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A sensor node, also known as a mote (chiefly in North America), is a node in a wireless sensor network that is capable of performing some processing, gathering sensory information and communicating with other connected nodes in the network. A mote is a node but a node is not always a mote.
Although wireless sensor nodes have existed for decades and used for applications as diverse as earthquake measurements to warfare, the modern development of small sensor nodes dates back to the 1998 Smartdust project and the NASA Sensor Webs Project One of the objectives of the Smartdust project was to create autonomous sensing and communication within a cubic millimeter of space. Though this project ended early on, it led to many more research projects. They include major research centres in Berkeley NEST and CENS. The researchers involved in these projects coined the term mote to refer to a sensor node. The equivalent term in the NASA Sensor Webs Project for a physical sensor node is pod, although the sensor node in a Sensor Web can be another Sensor Web itself. Physical sensor nodes have been able to increase their capability in conjunction with Moore's Law. The chip footprint contains more complex and lower powered microcontrollers. Thus, for the same node footprint, more silicon capability can be packed into it. Nowadays, motes focus on providing the longest wireless range (dozens of km), the lowest energy consumption (some uA) and the easiest development process for the user.
The controller performs tasks, processes data and controls the functionality of other components in the sensor node. While the most common controller is a microcontroller, other alternatives that can be used as a controller are: a general purpose desktop microprocessor, digital signal processors, FPGAs and ASICs. A microcontroller is often used in many embedded systems such as sensor nodes because of its low cost, flexibility to connect to other devices, ease of programming, and low power consumption. A general purpose microprocessor generally has a higher power consumption than a microcontroller, therefore it is often not considered a suitable choice for a sensor node. Digital Signal Processors may be chosen for broadband wireless communication applications, but in Wireless Sensor Networks the wireless communication is often modest: i.e., simpler, easier to process modulation and the signal processing tasks of actual sensing of data is less complicated. Therefore the advantages of DSPs are not usually of much importance to wireless sensor nodes. FPGAs can be reprogrammed and reconfigured according to requirements, but this takes more time and energy than desired.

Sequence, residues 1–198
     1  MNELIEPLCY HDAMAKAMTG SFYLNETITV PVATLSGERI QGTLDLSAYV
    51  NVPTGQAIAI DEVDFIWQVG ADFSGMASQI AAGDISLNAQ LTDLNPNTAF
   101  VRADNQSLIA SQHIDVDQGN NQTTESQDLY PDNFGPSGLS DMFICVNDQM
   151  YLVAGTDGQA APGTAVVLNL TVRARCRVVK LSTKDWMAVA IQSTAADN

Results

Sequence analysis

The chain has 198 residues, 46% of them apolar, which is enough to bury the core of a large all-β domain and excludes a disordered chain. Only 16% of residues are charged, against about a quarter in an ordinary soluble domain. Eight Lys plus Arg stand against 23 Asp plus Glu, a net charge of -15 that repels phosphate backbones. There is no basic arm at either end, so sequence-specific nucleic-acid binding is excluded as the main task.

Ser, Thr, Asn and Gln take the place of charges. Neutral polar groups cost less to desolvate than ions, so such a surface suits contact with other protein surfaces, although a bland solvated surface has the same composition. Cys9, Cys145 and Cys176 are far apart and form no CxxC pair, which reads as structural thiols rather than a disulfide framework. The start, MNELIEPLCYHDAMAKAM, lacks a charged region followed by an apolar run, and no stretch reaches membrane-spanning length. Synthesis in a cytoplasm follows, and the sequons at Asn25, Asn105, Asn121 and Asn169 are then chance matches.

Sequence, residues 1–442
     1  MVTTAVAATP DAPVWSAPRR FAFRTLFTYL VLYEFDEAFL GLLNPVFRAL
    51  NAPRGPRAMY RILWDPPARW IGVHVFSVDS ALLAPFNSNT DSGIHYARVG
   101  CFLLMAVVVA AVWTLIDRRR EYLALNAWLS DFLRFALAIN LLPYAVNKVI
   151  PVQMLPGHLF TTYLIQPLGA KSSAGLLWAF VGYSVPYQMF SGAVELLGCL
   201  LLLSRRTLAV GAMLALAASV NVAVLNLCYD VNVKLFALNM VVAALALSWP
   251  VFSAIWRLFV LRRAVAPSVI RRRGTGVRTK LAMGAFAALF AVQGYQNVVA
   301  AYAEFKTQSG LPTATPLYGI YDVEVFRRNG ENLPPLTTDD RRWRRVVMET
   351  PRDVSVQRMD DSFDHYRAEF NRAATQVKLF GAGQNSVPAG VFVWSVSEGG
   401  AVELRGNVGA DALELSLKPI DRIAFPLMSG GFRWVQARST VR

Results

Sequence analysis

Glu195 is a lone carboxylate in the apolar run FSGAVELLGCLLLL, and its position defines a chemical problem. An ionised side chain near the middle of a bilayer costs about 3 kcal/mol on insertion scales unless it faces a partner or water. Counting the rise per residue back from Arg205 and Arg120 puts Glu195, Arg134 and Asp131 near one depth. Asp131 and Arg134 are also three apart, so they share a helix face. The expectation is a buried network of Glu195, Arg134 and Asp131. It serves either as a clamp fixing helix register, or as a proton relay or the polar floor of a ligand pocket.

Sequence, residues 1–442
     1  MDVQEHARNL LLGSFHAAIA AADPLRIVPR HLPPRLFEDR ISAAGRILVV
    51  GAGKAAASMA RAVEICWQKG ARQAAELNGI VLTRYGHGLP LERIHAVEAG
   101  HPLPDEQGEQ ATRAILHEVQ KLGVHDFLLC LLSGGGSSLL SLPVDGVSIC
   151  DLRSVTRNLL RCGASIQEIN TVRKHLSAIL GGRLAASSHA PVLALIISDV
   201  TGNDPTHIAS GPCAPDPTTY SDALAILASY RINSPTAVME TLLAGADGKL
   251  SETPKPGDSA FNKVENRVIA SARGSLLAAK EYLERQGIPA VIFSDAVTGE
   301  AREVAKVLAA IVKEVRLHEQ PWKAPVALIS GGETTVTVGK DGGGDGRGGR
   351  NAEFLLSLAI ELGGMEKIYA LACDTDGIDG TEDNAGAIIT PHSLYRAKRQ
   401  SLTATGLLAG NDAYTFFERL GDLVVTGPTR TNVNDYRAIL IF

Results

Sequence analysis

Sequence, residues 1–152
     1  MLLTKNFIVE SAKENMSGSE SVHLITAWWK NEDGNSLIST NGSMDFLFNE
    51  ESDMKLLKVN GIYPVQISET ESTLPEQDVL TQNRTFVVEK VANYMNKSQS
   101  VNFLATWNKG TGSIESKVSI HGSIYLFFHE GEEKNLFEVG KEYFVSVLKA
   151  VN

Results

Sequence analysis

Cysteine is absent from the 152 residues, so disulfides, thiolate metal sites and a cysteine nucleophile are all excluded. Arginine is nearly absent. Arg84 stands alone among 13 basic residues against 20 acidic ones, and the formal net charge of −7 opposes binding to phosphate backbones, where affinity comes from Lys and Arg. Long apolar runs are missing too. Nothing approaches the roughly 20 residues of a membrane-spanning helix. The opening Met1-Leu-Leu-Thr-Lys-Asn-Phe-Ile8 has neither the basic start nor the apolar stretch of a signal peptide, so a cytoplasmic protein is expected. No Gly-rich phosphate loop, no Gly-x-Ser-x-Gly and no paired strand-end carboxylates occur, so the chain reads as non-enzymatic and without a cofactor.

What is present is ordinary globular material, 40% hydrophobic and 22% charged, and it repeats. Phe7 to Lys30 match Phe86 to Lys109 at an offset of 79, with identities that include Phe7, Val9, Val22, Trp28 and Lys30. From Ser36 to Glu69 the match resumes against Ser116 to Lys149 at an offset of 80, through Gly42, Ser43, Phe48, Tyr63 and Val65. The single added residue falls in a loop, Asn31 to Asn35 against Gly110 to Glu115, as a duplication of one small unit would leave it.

Sensor nodes often make use of ISM band, which gives free radio, spectrum allocation and global availability. The possible choices of wireless transmission media are radio frequency (RF), optical communication (laser) and infrared. Lasers require less energy , but need line-of-sight for communication and are sensitive to atmospheric conditions. Infrared, like lasers, needs no antenna but it is limited in its broadcasting capacity. Radio frequency-based communication is the most relevant that fits most of the WSN applications. WSNs tend to use license-free communication frequencies: 173, 433, 868, and 915 MHz; and 2.4 GHz. The functionality of both transmitter and receiver are combined into a single device known as a transceiver. Transceivers often lack unique identifiers. The operational states are transmit, receive, idle, and sleep. Current generation transceivers have built-in state machines that perform some operations automatically.
Most transceivers operating in idle mode have a power consumption almost equal to the power consumed in receive mode. Thus, it is better to completely shut down the transceiver rather than leave it in the idle mode when it is not transmitting or receiving. A significant amount of power is consumed when switching from sleep mode to transmit mode in order to transmit a packet.